Although we are certainly not the first to worry about the generalizations of predominant Western theories and methodologies in moral psychology, our efforts to compile theoretical and empirical cases have revealed an alarming situation in research concerning moral identity. Previous findings maybe replicable across multiple samples in Western societies using different methods such as self-report and interview and those methods may be applicable to non-Western society; however, researchers must also investigate the levels and degrees to which the concept of moral identity can be accessible across cultures (Henrich et al., 2010). Thus, we conclude: (1) Conceptually, moral identity consists of both individual and societal orientations; (2) Empirically, the study of moral identity requires a culturally non-biased methodological tool.
FJ conceptualized the viewpoint and wrote the complete draft. TK supervised FJ’s Ph.D. dissertation and provided critical feedback in this research.
Conflict of Interest Statement
The authors declare that the research was conducted in the absence of any commercial or financial relationships that could be construed as a potential conflict of interest.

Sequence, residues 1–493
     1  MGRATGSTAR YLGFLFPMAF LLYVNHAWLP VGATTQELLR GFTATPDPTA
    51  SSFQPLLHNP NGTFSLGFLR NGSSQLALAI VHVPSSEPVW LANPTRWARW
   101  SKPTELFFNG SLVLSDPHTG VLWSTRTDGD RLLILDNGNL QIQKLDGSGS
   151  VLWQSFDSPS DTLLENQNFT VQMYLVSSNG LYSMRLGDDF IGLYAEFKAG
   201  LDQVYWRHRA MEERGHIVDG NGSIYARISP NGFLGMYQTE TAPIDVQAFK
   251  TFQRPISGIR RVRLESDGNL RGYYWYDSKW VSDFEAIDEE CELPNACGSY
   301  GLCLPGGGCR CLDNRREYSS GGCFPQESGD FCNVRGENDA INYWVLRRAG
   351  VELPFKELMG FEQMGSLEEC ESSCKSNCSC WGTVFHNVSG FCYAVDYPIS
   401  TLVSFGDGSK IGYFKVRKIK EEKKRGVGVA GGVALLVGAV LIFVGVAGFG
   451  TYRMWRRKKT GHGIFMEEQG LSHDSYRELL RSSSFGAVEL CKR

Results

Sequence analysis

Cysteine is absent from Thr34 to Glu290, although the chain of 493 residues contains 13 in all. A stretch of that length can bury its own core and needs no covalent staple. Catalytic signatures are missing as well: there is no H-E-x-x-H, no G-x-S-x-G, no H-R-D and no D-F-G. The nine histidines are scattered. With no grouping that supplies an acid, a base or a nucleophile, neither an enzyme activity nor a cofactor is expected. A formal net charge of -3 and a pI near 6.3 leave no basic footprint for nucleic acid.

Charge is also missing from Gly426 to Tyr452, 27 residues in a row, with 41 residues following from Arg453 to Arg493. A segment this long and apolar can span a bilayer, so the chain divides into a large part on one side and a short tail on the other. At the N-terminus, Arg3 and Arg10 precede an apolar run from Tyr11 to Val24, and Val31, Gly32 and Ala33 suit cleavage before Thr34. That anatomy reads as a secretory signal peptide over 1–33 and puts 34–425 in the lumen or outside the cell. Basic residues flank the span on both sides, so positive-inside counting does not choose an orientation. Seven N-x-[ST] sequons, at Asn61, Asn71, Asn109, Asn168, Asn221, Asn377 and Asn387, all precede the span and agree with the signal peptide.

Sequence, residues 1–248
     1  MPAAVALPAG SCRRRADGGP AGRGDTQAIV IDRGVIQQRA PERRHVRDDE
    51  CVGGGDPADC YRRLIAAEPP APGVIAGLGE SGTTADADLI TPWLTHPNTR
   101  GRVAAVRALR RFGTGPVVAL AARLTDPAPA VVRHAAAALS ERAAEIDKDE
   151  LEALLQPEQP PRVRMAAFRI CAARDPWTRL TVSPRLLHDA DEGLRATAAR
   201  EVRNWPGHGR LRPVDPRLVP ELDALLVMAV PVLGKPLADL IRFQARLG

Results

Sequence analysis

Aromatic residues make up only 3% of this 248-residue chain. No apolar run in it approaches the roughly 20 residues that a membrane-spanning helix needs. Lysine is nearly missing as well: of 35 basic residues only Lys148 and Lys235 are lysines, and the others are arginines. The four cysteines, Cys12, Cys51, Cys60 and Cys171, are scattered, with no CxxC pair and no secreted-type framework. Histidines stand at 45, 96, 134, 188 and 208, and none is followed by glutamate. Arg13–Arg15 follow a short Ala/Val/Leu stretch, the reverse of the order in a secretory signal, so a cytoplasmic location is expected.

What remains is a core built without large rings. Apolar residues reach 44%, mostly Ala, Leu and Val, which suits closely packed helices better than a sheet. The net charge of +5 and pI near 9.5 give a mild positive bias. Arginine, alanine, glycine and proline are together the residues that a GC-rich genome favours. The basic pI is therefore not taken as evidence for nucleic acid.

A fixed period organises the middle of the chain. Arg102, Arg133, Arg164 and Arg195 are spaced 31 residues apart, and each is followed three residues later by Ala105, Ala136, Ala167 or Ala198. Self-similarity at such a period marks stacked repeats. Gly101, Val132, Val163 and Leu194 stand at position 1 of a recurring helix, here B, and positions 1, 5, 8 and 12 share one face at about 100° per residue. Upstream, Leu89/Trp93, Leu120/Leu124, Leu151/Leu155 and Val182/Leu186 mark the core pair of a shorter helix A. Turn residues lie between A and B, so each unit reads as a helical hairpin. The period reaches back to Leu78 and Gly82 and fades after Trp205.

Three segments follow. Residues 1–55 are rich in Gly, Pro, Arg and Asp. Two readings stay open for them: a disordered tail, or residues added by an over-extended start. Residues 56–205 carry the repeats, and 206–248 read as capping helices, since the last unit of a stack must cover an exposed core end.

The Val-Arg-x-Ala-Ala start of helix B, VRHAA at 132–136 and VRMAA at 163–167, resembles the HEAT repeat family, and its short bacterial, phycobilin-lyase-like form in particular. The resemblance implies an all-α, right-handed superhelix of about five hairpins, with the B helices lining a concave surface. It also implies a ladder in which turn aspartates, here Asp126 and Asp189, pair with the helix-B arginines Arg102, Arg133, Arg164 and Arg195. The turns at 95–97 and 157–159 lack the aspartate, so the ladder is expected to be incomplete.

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Keywords: identity, culture, Western and Eastern, morality, social context
Citation: Jia F and Krettenauer T (2017) Recognizing Moral Identity as a Cultural Construct. Front. Psychol. 8:412. doi: 10.3389/fpsyg.2017.00412
Received: 26 October 2016; Accepted: 06 March 2017;
Published: 21 March 2017.
Edited by:Jinkyung Na, Sogang University, South Korea
Reviewed by:Bobby K. Cheon, Nanyang Technological University, Singapore
Cor Baerveldt, University of Alberta, Canada
Copyright © 2017 Jia and Krettenauer. This is an open-access article distributed under the terms of the Creative Commons Attribution License (CC BY). The use, distribution or reproduction in other forums is permitted, provided the original author(s) or licensor are credited and that the original publication in this journal is cited, in accordance with accepted academic practice. No use, distribution or reproduction is permitted which does not comply with these terms.
*Correspondence: Fanli Jia, firstname.lastname@example.org